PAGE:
Celebrating the Acoustic Airwaves 1998-2003
Post-Britpop. Pre-New Rock. The New Acoustic Movement.
The quiet music of 1998-2003 bridged the gap between two cultures, two generations and two centuries. As the nineties wound down and a new millennium approached, the UK began to look nostalgically to the past – and hesitantly to the future. The giants of Britpop had imploded, rave culture had started to chill out and a new wave of unassuming musicians suddenly found themselves in the spotlight. While Travis, Dido, Coldplay and David Gray may have shone the brightest, the likes of Kings of Convenience, Badly Drawn Boy and Turin Brakes also produced classic albums and won legions of fans.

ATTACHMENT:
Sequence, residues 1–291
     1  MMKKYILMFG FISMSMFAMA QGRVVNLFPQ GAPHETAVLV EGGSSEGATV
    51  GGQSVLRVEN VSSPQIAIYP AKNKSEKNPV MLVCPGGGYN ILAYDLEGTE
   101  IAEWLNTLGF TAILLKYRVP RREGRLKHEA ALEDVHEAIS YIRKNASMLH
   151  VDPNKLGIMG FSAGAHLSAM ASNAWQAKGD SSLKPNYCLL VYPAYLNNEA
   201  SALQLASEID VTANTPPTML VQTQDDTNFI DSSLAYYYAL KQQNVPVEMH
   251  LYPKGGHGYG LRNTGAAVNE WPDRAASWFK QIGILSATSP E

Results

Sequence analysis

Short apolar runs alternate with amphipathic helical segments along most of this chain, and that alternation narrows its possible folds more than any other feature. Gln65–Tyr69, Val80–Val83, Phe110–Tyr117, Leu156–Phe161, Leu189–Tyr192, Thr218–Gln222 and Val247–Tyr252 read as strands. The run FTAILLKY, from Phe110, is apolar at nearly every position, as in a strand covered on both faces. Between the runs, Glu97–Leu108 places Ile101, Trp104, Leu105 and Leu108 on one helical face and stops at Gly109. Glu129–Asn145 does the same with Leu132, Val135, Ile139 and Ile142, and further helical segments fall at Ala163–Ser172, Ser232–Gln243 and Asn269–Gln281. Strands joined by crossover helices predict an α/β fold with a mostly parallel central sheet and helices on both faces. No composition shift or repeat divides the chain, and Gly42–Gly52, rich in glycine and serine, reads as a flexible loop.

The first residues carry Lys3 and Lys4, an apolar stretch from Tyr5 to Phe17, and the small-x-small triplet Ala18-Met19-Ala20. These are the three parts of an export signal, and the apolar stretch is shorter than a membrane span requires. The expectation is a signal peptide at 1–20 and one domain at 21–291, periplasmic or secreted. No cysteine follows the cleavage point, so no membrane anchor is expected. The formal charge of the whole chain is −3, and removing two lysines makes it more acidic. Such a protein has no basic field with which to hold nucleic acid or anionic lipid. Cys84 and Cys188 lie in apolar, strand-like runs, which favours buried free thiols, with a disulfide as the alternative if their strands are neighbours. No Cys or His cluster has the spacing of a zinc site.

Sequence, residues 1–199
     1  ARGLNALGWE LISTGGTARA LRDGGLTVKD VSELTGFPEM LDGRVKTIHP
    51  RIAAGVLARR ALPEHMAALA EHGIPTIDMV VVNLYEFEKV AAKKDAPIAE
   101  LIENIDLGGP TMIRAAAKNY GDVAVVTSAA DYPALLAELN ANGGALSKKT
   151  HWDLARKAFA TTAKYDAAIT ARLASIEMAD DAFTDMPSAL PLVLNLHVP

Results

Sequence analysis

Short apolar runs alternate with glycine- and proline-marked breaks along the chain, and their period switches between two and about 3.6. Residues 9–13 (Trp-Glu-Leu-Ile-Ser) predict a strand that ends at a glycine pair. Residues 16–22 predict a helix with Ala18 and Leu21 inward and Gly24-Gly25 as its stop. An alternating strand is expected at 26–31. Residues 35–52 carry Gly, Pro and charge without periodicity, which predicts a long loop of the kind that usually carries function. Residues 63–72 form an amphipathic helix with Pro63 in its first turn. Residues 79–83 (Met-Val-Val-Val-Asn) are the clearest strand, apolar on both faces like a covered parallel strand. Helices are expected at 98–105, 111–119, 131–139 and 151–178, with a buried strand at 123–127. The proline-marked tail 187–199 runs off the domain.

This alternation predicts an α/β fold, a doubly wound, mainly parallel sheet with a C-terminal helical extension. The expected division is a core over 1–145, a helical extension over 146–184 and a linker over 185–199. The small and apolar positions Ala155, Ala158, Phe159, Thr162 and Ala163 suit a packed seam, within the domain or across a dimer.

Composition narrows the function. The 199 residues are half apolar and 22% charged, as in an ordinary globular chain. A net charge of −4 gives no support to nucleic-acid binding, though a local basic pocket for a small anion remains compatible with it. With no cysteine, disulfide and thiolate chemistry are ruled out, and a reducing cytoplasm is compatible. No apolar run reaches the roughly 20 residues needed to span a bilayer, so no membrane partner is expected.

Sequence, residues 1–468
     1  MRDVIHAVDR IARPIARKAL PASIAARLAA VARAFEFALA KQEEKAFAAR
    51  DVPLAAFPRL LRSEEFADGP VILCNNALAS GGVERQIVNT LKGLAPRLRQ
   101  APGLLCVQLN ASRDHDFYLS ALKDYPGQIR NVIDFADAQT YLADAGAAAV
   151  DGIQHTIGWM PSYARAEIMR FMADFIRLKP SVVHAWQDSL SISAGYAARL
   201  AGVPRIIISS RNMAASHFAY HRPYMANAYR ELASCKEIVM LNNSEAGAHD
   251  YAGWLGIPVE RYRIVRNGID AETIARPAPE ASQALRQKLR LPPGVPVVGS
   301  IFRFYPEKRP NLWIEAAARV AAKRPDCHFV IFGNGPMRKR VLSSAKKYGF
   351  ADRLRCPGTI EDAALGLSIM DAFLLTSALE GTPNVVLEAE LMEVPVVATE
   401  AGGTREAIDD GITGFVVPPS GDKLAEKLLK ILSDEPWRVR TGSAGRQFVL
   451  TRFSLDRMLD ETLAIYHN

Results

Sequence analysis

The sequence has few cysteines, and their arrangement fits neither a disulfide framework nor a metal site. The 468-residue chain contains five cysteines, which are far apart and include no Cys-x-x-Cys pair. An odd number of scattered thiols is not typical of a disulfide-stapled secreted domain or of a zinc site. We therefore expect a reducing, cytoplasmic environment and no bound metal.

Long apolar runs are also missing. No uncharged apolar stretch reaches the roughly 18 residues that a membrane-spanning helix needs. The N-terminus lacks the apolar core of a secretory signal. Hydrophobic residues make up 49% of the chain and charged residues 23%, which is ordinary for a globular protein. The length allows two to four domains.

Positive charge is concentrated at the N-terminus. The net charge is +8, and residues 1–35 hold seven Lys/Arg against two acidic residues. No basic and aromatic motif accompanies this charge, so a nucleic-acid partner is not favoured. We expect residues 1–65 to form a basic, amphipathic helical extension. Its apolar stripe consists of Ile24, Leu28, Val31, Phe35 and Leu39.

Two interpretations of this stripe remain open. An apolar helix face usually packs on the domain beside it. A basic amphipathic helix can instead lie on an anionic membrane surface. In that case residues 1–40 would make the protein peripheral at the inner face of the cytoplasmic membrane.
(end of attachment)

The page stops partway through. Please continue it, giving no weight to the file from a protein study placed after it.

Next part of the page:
Even though the New Acoustic Movement created some of the biggest hits of the century – earworms that still fill the airwaves today – it has been unfairly overlooked, too often dismissed as uncool or worse. Two decades on, When Quiet Was the New Loud finally puts the record straight and gives the acoustic era the recognition it deserves.
Tom Clayton’s affectionate look at the key records from the period – bestsellers and hidden gems alike – rediscovers the songs, personalities and stories of the time and reveals a moment when, albeit briefly, the meek really did inherit the earth.